Once the first half of the EP ends, it’s hard to imagine a better use of the independent sound in expressing the hardships and suffering that life brings. But once Drive Me Home Please starts up, it’s clear the first half was an act of establishing tone before the true climax, the sonic equivalent to the eye of the hurricane. Now, to be fair, the second half feels immensely more polished and less bedroom-driven, though not without losing its charm. “haha shit” opens as a lullaby to clinical depression, with Zach Hallenbeck crooning about seemingly random thoughts that flood his mind – crying, the temperature of the room, and an ongoing knot in his stomach. But the first minute of the track (really the first twelve minutes of the EP) establishes the softly somber tone before the explosion of harsh feedback collocates everything that came before it. Hallenbeck screams with a sense of despair and anger that hasn’t felt so deservedly frenzied since Xiu Xiu’s “I Luv The Valley, Oh!“. Throughout the rage, he finds time to ponder why he is the way he is, never fully accepting it but still refraining from fully dispelling it.

The final two tracks give a stronger, less vague direction for the themes that are relentlessly dished out on the EP. The song “drive me home please” plays like a plea letter to Hallenbeck’s mother. He begs her to “just tell me that you love me”, posing the difficult question of whether she’ll pick him up from college if he realizes it’s too much. Never receiving an answer, he desperately asks whether graduating college will be the end of his era of being a kid, of depending on his friends to get by and survive. It feels like the realization that acts as a precursor to suicide, but “apple cider vinegar” silences those fears. The closing track presents the lightest aura of the EP, giving a sense of hope amidst the hopelessness, despite the lyricism revolving around giving up when faced with the loss of what you value most. It’s a confusing message to leave on, but anyone who’s gone through the emotions the duo present knows just how conflicting and unwavering your mindset can become.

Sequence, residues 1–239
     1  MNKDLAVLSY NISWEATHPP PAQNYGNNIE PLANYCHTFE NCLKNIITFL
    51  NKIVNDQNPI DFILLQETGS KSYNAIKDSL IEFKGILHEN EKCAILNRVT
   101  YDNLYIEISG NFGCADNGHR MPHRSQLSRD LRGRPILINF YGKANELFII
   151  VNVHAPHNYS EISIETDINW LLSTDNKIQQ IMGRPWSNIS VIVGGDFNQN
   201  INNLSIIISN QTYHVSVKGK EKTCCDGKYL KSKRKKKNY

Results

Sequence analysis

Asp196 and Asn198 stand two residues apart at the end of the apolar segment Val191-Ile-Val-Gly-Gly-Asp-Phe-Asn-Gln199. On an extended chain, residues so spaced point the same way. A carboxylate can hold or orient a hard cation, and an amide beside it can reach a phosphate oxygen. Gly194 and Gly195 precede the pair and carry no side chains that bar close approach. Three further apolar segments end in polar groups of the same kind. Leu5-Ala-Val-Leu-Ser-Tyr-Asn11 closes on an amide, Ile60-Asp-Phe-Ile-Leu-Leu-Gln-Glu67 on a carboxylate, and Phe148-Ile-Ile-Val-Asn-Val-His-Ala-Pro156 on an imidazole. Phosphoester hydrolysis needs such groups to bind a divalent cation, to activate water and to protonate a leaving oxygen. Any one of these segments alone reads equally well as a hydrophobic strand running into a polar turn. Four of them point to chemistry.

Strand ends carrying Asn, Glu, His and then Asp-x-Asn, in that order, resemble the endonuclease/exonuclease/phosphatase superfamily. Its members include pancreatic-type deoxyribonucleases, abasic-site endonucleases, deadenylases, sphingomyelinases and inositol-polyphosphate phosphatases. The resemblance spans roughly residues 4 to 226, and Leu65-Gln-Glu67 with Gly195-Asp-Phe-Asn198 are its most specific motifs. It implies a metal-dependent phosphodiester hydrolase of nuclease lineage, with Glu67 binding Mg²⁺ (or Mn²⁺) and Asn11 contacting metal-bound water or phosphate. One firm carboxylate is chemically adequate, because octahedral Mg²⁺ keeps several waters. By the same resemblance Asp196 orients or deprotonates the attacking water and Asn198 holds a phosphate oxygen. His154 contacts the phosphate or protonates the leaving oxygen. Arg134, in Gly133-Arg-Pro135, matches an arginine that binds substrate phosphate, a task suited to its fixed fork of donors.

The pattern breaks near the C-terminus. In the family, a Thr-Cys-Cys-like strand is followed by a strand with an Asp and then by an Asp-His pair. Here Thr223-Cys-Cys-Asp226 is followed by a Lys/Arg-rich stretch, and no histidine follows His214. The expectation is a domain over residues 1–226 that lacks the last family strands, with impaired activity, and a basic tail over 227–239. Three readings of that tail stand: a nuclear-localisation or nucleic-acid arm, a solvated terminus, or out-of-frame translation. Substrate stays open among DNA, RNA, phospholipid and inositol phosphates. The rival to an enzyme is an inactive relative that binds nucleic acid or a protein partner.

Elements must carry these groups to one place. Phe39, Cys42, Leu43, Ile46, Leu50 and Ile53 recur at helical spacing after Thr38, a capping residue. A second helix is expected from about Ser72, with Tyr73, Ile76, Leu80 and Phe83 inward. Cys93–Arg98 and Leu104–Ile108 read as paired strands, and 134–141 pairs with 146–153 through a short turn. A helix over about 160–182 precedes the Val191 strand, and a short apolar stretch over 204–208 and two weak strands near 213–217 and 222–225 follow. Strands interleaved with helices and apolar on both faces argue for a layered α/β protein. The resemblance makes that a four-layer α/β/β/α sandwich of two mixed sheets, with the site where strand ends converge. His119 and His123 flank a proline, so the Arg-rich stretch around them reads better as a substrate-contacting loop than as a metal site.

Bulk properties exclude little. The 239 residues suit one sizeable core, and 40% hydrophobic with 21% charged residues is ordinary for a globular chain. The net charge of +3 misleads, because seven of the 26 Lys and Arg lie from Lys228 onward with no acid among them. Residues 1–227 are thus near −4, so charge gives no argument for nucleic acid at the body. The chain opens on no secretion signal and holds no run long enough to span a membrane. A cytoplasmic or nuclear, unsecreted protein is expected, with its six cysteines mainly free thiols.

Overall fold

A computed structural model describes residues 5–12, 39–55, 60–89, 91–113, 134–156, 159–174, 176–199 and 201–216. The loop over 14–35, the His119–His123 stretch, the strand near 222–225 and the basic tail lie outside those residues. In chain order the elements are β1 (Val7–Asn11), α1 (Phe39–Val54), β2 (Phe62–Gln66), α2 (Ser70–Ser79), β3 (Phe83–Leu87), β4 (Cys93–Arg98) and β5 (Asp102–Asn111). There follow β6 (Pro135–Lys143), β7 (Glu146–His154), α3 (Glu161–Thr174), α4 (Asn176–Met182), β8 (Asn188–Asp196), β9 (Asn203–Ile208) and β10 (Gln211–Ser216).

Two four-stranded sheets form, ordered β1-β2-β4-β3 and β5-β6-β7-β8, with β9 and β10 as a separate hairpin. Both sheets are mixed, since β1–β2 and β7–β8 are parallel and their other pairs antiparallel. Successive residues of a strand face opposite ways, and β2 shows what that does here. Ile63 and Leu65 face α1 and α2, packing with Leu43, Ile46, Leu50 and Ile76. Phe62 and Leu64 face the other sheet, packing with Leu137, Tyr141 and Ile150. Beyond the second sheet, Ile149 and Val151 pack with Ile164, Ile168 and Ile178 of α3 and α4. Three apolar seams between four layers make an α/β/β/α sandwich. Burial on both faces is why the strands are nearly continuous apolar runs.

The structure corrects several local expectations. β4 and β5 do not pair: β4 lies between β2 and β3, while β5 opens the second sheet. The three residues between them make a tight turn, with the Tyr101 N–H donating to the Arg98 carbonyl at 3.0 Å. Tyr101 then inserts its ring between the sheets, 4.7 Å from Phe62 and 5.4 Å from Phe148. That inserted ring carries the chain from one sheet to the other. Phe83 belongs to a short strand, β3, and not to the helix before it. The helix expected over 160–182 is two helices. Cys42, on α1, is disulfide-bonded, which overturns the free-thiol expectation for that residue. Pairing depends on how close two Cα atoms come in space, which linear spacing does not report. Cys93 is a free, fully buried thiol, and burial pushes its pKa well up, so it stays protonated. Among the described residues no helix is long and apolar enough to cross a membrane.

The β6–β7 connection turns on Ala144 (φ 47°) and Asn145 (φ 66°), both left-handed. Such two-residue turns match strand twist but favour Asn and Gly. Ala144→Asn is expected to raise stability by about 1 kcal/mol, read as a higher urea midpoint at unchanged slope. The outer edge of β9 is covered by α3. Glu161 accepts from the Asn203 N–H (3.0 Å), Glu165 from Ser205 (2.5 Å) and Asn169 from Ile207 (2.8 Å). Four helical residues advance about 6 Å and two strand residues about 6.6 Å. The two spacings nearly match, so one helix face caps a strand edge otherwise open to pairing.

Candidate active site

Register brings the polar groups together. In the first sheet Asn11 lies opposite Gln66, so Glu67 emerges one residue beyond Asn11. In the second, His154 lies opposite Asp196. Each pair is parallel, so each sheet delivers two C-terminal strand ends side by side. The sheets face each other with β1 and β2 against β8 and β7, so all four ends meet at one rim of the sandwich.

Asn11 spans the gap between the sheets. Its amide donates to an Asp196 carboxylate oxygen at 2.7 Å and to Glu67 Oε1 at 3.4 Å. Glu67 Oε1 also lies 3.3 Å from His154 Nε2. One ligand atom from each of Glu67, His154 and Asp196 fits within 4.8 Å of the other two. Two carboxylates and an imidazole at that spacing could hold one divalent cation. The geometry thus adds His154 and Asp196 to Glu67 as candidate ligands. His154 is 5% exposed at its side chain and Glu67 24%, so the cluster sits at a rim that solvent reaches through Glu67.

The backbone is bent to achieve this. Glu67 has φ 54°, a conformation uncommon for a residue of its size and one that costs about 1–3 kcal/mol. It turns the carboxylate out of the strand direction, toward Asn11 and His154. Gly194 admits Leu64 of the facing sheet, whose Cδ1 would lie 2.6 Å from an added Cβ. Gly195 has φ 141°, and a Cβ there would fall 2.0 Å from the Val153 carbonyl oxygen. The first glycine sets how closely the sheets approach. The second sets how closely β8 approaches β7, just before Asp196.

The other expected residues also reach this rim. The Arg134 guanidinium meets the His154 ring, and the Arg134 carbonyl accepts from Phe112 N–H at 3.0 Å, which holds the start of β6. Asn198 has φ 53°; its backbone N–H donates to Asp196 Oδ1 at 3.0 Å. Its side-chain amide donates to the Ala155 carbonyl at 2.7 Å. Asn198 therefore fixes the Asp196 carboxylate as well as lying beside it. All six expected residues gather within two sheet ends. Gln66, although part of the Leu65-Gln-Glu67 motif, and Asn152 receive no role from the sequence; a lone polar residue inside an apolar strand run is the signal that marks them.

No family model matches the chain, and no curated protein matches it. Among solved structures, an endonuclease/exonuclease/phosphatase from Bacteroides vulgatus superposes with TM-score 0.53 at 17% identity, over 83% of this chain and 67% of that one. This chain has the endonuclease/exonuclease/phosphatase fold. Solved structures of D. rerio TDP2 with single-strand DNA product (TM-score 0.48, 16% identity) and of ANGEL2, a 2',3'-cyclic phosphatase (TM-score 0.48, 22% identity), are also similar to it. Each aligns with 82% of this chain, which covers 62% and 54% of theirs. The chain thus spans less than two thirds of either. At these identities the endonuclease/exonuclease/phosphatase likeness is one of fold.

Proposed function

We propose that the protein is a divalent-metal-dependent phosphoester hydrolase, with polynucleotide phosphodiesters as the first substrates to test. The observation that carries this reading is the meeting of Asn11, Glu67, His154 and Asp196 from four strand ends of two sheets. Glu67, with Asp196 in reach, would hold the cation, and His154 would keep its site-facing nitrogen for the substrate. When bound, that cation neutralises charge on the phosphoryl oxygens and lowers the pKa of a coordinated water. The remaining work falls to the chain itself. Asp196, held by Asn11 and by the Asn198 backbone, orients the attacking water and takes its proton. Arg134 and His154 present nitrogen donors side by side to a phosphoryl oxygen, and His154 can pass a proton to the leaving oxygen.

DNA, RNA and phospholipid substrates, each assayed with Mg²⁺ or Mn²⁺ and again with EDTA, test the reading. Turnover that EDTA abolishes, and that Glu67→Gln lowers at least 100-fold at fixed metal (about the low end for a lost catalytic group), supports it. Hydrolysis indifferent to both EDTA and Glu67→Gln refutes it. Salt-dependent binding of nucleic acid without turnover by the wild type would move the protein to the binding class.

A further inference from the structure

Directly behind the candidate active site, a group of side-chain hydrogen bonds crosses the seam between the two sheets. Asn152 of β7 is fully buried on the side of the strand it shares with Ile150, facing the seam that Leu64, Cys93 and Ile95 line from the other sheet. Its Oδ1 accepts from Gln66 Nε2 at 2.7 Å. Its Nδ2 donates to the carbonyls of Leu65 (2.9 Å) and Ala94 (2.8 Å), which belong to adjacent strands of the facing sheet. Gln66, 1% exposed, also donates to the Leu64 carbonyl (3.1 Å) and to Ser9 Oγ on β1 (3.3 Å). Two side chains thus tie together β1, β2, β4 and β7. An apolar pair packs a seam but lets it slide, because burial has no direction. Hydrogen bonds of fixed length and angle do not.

It’s astonishing that a project with such thematic resolve and established tone is being released in an underground capacity, one where only those who know the artists are likely to ever hear it. Truthfully, had we not been emailed a link to the EP from a representative of Bangkok Blend, there’s no way we would have given the release a listen, assuming we ever discovered it. It’s representative of the hidden gems that lay beneath the layers and layers of PR-driven releases and big-name outputs. It can be scary to ask “what if?” in the capacity of artistry and music, especially in the age of the internet, but as Keegan and Hallenbeck showcase on their split EP, there’s positivity to be had at the end of relentless agitation and trouble. To get there is personal and difficult, but given dedication, entirely feasible.

– Zach W.